Dividend Aristocrats are the most revered stocks among income investors. But you’ve probably never heard of some of them. Here are four relative unknowns that truly stand out.
When you think about how difficult it is to actually get a company off the ground, it’s amazing any company ever survives.
That some companies actually pay shareholders every year is even more mind-boggling. Nevertheless, some companies have managed to not only pay their shareholders a dividend for 25 straight years, but also raised their payouts every year.
The notion sounds impossible. It isn’t.
The trick to consistent dividend growth comes to down to management’s ability to grow a business while generating enough free cash flow to repeatedly reward shareholders in higher increments. Those companies are called “Dividend Aristocrats” — companies that have raised their dividends every year for at least 25 straight years.
Let’s take a look at four Dividend Aristocrats that would make great additions to your long-term portfolio, and what they all have in common. You’ll be surprised at some of these names. They aren’t the big blue chips you might expect, which is why you should always cast a wide net when searching for investment ideas.
Illinois Tool Works (NYSE: ITW) is a great American success story that just passed its 100th anniversary in 2012. The company operates in a sector that I love – it makes things that fix other things, because other things are always breaking. Tools are what build things and what fix them and that’s why ITW has been so successful.
The company offers tools across seven sectors: automotive, electronics, food equipment, fluids, welding, construction and specialty products. With 100 years of experience, Illinois Tool Works has had plenty of time to build out a massive distribution network and partner with independent distributors.
The reason ITW stock is paying a 2.1% yield (or $1.94 per share), and has done so for 50 years, is cash flow. Its operating cash flow keeps rising while capital expenditures remain consistent year after year. Its dividend payout ratio is about 33%, meaning a third of its FCF is paid as dividends.
Ever heard of Universal Corporation (NYSE: UVV)? Probably not, but it has been around since 1888 and has paid a dividend every year since 1972. The dividend is presently a very generous 4.9%, or $2.08 per share.
How can a relatively unknown company afford to pay so much? Because it does business in an industry that has constant demand: tobacco.
Fortunately, Universal does not come with the same risk of the cigarette makers because all it does is procure, process, pack and ship the actual tobacco leaves. That generates all the cash flow the company needs to pay its dividend, although recent write-offs in inventories and accounts receivable may make it seem like things are shakier than they are at the venerable company.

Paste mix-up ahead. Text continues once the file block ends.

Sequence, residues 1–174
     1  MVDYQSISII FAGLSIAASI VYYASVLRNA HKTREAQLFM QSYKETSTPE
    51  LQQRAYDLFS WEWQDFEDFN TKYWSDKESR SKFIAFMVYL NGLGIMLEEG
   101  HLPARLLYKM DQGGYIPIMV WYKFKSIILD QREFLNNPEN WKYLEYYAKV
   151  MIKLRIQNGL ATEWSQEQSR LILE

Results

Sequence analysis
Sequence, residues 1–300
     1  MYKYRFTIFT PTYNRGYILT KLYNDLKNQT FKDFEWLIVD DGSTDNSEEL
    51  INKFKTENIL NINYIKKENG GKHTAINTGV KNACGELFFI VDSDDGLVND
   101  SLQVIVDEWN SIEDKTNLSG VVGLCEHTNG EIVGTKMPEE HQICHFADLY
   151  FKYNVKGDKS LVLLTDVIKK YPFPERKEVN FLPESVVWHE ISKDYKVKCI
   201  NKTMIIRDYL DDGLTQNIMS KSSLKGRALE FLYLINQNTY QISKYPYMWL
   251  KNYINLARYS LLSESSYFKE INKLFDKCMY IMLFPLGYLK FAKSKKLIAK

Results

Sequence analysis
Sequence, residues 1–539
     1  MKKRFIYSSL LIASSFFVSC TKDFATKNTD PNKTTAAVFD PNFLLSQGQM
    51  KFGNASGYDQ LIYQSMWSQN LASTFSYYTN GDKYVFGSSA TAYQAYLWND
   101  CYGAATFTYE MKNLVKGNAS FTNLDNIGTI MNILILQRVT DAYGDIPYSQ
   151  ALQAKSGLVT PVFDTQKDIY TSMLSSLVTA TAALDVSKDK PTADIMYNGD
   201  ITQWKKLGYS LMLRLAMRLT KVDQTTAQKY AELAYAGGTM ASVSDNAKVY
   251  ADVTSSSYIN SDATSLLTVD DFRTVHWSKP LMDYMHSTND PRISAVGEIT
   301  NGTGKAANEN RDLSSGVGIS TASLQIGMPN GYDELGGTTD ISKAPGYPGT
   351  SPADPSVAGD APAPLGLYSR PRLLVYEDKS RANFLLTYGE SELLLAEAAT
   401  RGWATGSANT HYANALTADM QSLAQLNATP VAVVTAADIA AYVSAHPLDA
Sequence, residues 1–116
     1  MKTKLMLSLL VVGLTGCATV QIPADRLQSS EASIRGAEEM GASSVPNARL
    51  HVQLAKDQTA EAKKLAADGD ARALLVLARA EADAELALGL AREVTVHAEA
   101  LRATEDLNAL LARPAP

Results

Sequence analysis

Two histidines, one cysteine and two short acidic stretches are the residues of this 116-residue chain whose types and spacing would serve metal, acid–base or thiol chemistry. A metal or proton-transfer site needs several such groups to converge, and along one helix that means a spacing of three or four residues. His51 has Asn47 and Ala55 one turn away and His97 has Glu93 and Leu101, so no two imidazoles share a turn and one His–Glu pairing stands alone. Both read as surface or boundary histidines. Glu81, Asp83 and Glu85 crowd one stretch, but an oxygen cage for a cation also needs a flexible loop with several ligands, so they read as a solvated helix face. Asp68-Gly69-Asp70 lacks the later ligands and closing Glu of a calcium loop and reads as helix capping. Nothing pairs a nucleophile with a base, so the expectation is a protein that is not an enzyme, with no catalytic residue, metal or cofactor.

But I have no worries about dividend safety with such a popular product, especially since it just made a deal with Philip Morris International (NYSE: PM) to supply tobacco.
Old Republic International (NYSE: ORI) handles another boring product: insurance. It’s also been around since 1888, and pays a generous dividend yield of 4.8%. That dividend has been paid since 1982.
Insurance companies are great places to find dividend stocks. The whole business model is designed to take in more money in premiums than it pays in claims. Underwriting is getting increasingly complex and accurate, and so all that extra premium money has to go somewhere. Insurance companies usually throw it back to shareholders.
That, by the way, is a great way to lower your insurance rates. Buy the stock of the company you insure with and let their dividend pay your premium.
The final selection has been paying dividends and raising them every year since 1986. It too operates in a really boring arena: regional banking. Tompkins Financial (NYSE: TMP) couldn’t have a more boring name, but what a great cash flow model it has: it’s a bank!
Tompkins Financial spends almost nothing on capex, less than $7.5 million per year, yet generates fees from all its services so that it pumps out $60-80 million in operating cash flow every year. It then turns around and pays out less than a third of it to shareholders, for a yield of 3.4%. or $1.68 per share.
TMP’s net income isn’t overly impressive, but that’s not why you invest in the stock. You go with a regional bank because it tends to have regional loyalty from its customers. Tompkins Financial has regular and reliable cash flow that is paid out to investors. The rest is used to expand.
By now, you’ve guessed the common themes among these surprising Dividend Aristocrats are that they’re all boring businesses that cash flow really well. Keep that in mind as you search for future dividend growers.
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